Graph Enhanced Hierarchical Reinforcement Learning for Goal-oriented Learning Path Recommendation

CIKM '23: Proceedings of the 32nd ACM International Conference on Information and Knowledge Management(2023)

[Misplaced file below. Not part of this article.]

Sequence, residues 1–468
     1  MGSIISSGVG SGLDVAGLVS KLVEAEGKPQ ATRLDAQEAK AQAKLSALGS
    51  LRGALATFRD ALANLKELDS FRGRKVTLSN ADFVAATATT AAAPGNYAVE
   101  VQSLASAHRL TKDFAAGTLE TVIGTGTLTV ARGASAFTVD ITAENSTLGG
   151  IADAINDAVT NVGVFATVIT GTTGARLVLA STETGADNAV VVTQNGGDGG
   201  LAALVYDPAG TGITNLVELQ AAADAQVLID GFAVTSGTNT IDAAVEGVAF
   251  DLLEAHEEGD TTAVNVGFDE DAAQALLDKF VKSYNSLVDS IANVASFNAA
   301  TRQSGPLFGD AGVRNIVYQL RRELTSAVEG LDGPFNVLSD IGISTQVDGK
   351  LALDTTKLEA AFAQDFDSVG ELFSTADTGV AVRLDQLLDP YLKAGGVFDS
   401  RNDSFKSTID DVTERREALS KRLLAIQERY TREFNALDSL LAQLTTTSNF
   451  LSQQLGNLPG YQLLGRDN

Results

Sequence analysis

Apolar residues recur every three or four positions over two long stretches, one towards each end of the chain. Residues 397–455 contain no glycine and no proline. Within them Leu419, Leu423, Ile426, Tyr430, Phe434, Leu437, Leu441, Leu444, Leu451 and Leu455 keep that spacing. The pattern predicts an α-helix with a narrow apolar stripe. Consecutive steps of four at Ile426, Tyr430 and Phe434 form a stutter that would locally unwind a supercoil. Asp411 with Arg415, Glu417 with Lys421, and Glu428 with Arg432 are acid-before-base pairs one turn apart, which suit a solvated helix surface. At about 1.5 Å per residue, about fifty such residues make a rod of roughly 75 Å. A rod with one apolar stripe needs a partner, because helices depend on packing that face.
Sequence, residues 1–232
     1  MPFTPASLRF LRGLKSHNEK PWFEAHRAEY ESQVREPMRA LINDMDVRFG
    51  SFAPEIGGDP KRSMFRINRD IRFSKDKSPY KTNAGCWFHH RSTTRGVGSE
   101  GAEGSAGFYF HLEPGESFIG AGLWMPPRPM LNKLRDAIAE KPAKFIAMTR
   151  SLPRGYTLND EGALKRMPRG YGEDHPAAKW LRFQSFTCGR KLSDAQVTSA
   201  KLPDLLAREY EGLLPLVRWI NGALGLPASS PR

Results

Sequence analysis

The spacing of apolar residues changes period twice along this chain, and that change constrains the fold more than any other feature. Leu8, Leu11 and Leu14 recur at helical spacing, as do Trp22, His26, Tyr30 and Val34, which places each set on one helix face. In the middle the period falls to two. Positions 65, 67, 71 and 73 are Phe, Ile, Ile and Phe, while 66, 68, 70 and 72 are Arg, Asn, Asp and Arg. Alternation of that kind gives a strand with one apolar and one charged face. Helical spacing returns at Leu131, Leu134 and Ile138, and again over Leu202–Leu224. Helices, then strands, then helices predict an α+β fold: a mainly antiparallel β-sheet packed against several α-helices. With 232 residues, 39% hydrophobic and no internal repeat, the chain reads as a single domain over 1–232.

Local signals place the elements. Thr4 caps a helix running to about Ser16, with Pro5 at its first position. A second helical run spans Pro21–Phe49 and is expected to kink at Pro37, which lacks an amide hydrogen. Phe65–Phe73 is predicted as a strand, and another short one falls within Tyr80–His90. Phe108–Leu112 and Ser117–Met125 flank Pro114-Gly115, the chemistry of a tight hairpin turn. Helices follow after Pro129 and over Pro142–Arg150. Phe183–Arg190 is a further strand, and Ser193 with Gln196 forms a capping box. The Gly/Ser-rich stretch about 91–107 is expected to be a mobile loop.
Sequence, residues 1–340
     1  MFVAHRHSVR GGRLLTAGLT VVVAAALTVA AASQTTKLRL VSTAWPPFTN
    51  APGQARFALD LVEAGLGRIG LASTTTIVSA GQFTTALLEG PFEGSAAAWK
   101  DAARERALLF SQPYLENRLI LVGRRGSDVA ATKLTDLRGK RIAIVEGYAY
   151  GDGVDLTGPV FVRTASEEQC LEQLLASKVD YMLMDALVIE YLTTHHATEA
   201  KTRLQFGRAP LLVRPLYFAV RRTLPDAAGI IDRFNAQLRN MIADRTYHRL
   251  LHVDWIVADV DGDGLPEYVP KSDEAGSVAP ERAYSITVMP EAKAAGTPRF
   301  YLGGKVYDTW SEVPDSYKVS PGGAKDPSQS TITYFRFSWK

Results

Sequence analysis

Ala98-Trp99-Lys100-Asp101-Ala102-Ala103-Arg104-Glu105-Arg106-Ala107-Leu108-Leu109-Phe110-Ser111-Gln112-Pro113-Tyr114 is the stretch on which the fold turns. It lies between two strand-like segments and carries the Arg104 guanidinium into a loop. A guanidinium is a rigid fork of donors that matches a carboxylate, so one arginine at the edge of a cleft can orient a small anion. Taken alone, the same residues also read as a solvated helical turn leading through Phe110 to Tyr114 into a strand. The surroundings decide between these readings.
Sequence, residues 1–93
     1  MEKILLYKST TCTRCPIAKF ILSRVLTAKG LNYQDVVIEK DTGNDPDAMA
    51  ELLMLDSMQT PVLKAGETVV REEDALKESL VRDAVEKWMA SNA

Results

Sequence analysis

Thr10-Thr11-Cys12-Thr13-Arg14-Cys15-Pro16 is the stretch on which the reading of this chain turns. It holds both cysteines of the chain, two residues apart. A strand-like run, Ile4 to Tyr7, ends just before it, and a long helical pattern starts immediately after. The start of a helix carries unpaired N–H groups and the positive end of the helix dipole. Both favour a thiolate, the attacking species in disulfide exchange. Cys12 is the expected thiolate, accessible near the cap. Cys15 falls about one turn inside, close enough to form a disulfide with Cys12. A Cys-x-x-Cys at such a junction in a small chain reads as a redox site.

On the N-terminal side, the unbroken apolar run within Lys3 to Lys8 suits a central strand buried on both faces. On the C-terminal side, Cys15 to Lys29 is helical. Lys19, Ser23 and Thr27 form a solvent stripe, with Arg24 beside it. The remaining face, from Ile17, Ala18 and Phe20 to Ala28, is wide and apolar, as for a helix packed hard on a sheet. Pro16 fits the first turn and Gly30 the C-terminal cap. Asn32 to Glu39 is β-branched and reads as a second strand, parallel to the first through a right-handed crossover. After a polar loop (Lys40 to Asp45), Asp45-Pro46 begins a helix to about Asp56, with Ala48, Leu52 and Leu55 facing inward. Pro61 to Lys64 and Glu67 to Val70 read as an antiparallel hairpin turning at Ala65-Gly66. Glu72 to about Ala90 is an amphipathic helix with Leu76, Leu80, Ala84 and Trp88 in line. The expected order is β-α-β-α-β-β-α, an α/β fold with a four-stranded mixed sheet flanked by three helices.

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Goal-oriented Learning path recommendation aims to recommend learning items (concepts or exercises) step-by-step to a learner to promote the mastery level of her specific learning goals. By formulating this task as a Markov decision process, reinforcement learning (RL) methods have demonstrated great power. Although extensive research efforts have been made, previous methods still fail to recommend effective goal-oriented paths due to the under-utilizing of goals. Specifically, it is mainly reflected in two aspects: (1)The lack of goal planning. When learners have multiple goals with different difficulties, the previous methods can't fully utilize the difficulties and dependencies between goal learning items to plan the sequence of achieving these goals, making the path chaotic and inefficient; (2)The lack of efficiency in goal achieving. When pursuing a single goal, the path may contain learning items unrelated to the goal, which makes realizing a certain goal inefficient. To address these challenges, we present a novel Graph Enhanced Hierarchical Reinforcement Learning (GEHRL) framework for goal-oriented learning path recommendation. The framework divides learning path recommendation into two parts: sub-goal selection(planning) and sub-goal achieving(learning item recommendation). Specifically, we employ a high-level agent as a sub-goal selector to select sub-goals for the low-level agent to achieve. The low-level agent in the framework is to recommend learning items to the learner. To make the path only contain goal-related learning items to improve the efficiency of achieving the goal, we develop a graph-based candidate selector to constrain the action space of the low-level agent based on the sub-goal and knowledge graph. We also develop test-based internal reward for low-level training so that the sparsity problem of external reward can be alleviated. Extensive experiments on three different simulators demonstrate our framework achieves state-of-the-art performance.
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